My vote for the toughest slope in Virginia is “Dixie Dare” at Massanutten.

Maryland

Wisp, the only ski area in Maryland, does not contain anything more difficult than can be found in the state of Virginia. Wisp lies in the far western corner of Maryland and gets a relatively generous dose of natural snow. It is located near Deep Creek Lake, which presents some nice views from the top of the slopes and great summertime diversions. Wisp has a number of interesting and well maintained intermediate runs, but there is nothing there to really rattle your teeth.

West Virginia

I have never been to Winterplace in southern West Virginia, but I have not heard of any fearsome terrain there.

The terrain at Canaan Valley ski area in the northeastern quadrant of West Virginia is comparable to Wisp and Wintergreen. I enjoyed the variety of undulating intermediate runs. I haven’t skied there much, but the run “Gravity” seemed to be one of their steepest offerings. I am not aware of any hair raising runs at Canaan Valley.

Timberline ski area is just a couple of miles from Canaan Valley. It also features mostly intermediate-friendly runs. However, many of the runs at Timberline head straight down the fall line adding a bit more challenge, if less duration. (In this regard it is reminiscent of Whitetail in Pennsylvania.)

“The Drop” at Timberline is pretty steep. I am not sure about the difficulty level of two additional black diamond runs between “The Drop” and the lazy two mile beginner slope “Salamander,” as they weren’t open during several visits I made to Timberline.

I have heard that some challenging, off-the-trail-map (and probably unauthorized) skiing exists at Timberline and in the nearby Dolly Sods wilderness area. This wouldn’t surprise me given all the telemarkers I’ve observed on the slopes of Timberline. Some telemarkers I’ve talked to were former alpine skiers who made the switch to introduce more challenge to their skiing and gain access to wilder terrain.

Snowshoe, in the east-central section of West Virginia, contains a good range of what I would call advanced intermediate slopes. “Cupp Run,” in their Northwest Territory, is one of the best and longest examples of this in the Mid-Atlantic region.

“Shays Revenge” parallels “Cupp Run” and also descends the same 1500 vertical feet. The upper portion of “Shays Revenge” is a cruiser’s delight, but the truly black diamond lower section features a headwall with the longest, steepest mogul field south of the Mason-Dixon line; i.e., Pennsylvania. Snowshoe blows a lot of snow on this steep section and it is generally open with big bumps for a major portion of the ski season. It’s a good bet for those looking for reliable access to a local slope with some serious challenge.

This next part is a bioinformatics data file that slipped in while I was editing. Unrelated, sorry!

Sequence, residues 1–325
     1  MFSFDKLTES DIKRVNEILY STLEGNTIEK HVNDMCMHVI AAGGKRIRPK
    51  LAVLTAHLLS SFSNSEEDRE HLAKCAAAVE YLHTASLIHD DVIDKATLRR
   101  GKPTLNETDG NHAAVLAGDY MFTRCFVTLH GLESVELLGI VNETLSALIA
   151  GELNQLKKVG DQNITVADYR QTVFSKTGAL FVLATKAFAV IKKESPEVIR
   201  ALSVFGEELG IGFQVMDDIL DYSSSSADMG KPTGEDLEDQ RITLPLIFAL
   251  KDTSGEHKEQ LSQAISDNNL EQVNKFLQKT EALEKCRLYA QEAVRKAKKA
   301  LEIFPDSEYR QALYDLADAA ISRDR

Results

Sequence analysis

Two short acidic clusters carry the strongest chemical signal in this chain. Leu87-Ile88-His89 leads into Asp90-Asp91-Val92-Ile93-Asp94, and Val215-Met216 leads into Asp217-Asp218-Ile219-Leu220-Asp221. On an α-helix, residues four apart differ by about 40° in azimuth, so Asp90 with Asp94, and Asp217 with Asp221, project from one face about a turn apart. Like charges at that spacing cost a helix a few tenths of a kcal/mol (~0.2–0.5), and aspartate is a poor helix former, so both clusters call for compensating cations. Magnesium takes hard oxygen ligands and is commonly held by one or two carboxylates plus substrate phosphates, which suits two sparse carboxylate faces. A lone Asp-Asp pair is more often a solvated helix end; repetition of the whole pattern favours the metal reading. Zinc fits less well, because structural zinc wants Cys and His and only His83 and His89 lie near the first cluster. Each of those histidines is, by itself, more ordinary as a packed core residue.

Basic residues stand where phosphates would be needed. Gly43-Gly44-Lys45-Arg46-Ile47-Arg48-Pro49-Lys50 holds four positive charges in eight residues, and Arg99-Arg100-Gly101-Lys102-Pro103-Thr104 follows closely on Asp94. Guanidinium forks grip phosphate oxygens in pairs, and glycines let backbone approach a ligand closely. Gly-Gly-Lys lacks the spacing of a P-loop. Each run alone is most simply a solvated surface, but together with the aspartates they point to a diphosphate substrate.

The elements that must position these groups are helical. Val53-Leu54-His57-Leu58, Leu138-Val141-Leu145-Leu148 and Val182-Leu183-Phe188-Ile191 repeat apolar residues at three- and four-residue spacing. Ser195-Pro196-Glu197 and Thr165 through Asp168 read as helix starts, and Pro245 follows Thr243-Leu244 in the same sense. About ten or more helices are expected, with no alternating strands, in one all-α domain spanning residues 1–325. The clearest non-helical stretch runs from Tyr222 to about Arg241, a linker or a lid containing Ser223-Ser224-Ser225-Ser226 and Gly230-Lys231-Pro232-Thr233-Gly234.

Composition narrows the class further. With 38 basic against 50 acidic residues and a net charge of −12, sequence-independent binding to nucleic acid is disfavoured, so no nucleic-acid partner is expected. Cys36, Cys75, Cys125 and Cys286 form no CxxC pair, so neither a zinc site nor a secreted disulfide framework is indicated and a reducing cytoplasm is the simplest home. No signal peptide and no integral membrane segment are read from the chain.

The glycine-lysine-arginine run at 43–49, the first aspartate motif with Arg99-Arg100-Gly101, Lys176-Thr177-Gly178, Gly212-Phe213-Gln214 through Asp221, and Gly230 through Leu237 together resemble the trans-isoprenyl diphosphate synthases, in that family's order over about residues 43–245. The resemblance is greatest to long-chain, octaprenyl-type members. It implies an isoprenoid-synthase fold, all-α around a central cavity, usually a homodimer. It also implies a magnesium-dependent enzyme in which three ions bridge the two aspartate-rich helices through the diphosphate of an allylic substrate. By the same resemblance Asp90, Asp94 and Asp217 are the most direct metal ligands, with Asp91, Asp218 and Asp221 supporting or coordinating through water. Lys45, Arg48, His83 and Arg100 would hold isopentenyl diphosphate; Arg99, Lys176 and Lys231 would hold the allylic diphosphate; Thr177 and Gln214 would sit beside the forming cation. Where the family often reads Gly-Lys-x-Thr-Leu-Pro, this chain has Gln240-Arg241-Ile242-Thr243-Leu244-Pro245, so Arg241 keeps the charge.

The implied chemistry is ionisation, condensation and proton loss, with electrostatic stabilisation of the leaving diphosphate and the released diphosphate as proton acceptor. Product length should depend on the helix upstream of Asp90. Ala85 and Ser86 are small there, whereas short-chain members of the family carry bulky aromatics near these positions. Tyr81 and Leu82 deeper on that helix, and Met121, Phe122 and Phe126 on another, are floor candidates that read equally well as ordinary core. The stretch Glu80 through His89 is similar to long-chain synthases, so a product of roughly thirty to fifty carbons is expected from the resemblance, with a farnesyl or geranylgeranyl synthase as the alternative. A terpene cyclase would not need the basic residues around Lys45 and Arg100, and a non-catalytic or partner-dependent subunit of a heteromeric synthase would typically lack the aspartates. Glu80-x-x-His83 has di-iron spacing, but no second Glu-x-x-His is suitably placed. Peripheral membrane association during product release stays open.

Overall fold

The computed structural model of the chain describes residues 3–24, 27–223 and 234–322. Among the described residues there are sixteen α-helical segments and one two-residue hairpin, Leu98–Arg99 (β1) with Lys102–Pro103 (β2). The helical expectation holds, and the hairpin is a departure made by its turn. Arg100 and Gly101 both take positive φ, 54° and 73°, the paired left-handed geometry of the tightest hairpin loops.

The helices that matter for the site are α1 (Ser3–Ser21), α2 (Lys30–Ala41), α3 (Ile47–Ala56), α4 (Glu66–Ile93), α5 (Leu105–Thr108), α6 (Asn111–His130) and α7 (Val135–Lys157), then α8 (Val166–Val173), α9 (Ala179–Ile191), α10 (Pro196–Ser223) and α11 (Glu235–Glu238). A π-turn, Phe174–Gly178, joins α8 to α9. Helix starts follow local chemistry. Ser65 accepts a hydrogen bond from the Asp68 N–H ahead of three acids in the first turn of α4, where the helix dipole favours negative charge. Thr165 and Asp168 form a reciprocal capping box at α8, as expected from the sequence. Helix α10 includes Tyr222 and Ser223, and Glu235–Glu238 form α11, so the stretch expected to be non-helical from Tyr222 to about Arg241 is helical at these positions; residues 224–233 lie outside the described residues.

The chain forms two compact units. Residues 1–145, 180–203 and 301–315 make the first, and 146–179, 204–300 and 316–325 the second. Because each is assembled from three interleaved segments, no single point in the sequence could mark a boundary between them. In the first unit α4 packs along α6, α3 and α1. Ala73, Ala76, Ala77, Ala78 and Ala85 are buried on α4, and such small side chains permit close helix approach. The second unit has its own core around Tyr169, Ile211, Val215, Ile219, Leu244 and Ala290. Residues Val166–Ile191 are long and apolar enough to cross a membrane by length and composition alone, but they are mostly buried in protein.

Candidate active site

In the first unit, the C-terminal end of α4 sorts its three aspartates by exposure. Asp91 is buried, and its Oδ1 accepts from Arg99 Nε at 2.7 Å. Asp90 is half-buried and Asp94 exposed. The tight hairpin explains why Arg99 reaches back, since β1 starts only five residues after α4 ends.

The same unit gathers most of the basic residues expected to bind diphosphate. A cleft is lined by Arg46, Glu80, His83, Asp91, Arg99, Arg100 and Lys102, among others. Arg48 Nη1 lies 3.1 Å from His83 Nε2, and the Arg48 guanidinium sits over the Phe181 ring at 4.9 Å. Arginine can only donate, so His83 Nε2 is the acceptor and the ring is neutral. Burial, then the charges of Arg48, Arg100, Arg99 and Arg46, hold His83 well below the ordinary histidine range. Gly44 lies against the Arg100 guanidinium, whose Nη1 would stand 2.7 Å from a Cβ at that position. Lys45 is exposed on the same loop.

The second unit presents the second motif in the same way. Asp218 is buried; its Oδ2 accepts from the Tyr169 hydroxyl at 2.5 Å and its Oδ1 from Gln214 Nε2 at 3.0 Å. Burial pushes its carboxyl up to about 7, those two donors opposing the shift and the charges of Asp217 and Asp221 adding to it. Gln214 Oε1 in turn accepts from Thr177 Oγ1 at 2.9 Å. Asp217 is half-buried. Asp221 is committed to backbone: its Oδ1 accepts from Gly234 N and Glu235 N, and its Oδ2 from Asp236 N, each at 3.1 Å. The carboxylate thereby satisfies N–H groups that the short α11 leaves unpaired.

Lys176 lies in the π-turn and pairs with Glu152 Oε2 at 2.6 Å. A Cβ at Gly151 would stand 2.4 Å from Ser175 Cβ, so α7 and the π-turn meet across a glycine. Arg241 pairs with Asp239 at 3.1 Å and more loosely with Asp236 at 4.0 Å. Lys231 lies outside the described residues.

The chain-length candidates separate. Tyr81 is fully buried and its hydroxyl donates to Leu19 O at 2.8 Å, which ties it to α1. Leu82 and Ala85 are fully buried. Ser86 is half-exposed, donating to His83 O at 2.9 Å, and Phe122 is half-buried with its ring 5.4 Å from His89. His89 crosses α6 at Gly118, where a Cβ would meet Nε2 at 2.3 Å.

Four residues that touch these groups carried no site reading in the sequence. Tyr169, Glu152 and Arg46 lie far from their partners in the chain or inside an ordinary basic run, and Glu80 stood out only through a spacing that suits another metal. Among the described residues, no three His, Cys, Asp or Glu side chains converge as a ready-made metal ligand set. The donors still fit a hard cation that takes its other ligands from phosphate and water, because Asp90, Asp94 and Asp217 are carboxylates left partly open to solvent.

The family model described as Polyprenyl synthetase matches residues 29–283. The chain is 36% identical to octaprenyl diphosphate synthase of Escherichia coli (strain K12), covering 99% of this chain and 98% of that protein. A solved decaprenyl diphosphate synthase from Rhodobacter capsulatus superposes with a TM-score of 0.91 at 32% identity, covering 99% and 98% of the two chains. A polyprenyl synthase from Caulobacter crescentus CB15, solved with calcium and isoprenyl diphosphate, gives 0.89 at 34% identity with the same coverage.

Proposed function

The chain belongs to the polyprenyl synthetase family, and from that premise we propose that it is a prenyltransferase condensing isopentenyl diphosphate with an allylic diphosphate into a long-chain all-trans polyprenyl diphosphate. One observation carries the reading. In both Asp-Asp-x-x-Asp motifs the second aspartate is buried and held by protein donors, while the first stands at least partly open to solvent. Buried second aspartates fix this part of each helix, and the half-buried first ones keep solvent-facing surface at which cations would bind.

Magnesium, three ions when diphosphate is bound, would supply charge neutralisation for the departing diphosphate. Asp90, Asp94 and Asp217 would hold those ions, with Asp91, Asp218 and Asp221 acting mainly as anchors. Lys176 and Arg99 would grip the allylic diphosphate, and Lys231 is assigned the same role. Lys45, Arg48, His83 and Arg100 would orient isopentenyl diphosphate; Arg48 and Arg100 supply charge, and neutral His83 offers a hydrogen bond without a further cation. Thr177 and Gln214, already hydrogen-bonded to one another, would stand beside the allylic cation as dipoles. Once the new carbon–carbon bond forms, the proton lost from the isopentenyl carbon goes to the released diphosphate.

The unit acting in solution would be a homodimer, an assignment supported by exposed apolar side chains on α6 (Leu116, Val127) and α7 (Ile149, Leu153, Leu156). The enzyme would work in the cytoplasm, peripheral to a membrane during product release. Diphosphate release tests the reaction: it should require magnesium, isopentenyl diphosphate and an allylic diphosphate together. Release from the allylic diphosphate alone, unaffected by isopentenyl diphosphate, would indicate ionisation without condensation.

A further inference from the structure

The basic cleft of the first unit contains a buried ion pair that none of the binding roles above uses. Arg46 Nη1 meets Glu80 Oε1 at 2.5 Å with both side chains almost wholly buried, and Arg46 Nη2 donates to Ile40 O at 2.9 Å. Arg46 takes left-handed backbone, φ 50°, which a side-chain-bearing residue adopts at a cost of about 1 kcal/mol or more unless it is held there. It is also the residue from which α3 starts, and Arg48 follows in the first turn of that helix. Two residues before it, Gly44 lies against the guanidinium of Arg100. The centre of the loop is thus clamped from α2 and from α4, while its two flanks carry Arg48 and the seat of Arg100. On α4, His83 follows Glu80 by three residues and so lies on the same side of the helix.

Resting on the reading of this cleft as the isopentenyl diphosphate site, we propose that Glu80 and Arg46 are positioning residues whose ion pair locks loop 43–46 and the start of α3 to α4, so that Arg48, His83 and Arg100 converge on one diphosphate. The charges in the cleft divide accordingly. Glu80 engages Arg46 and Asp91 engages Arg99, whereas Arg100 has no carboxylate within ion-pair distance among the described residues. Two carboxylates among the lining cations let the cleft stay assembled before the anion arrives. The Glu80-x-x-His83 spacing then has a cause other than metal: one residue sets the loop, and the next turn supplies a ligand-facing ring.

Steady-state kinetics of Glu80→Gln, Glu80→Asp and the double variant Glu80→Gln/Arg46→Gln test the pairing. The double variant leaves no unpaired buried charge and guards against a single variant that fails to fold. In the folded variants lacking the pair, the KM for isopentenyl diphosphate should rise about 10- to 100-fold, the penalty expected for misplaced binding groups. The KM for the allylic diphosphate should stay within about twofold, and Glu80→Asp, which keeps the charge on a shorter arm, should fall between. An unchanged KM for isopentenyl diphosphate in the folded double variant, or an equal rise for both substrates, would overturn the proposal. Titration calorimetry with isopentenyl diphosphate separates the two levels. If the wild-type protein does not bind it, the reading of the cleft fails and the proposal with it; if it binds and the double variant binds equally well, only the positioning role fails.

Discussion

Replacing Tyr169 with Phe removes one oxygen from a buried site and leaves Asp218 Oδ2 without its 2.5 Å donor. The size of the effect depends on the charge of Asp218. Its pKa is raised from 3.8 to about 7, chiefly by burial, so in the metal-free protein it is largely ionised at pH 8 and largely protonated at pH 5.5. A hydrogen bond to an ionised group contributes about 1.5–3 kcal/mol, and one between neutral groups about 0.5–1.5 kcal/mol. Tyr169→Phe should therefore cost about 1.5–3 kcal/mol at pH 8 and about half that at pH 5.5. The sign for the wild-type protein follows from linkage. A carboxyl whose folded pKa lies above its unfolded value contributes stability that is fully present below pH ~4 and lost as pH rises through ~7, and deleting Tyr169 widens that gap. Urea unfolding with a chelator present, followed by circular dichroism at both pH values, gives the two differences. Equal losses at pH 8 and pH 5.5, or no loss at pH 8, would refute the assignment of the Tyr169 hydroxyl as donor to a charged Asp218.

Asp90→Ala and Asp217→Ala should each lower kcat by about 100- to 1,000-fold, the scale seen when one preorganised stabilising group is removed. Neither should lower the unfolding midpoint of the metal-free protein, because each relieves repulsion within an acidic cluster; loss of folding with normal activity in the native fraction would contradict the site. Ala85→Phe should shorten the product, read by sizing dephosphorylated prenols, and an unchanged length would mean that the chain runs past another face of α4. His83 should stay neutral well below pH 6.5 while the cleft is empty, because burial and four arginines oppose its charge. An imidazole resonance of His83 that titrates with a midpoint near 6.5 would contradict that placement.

My vote for the toughest slope in West Virginia is “Shays Revenge.”

Pennsylvania

The southern third of the state of Pennsylvania contains seven ski areas; many have been enjoyed by Mid-Atlantic skiers for decades.

The toughest runs at Roundtop in south-central Pennsylvania are “Gunbarrel” and “Ramrod.” They contain steep and typically bumpy, but short pitches.

Nearby, Whitetail is noted for a 900’ vertical drop, the largest in close proximity to D.C. Several consistently steep runs descend from the Whitetail high-speed quad. At least one of them, “Bold Decision,” is allowed to bump-up and can provide considerable challenge.

Liberty, also located in this area of Pennsylvania, has a couple of short but very steep and moguled trails on the backside of their mountain, “Upper Strata” and “Ultra.” With a lighting system that provides nearly 100% coverage, Liberty has some of the toughest night skiing terrain available to Mid-Atlantic skiers and boarders.

I have never been to Hidden Valley or Laurel Mountain ski areas in southwestern Pennsylvania. It is my understanding that Hidden Valley caters to families looking for affordability and features moderate terrain.

Laurel Mountain, recently reopened after being closed for years, is said to have a very steep run called “Wildcat.”

Nearby, the venerable Seven Springs offers a great deal of ski terrain, including a number of short, relatively steep runs on the front face of the mountain. They are usually well groomed and very manageable, but moguls are allowed to grow on a couple, making them considerably tougher.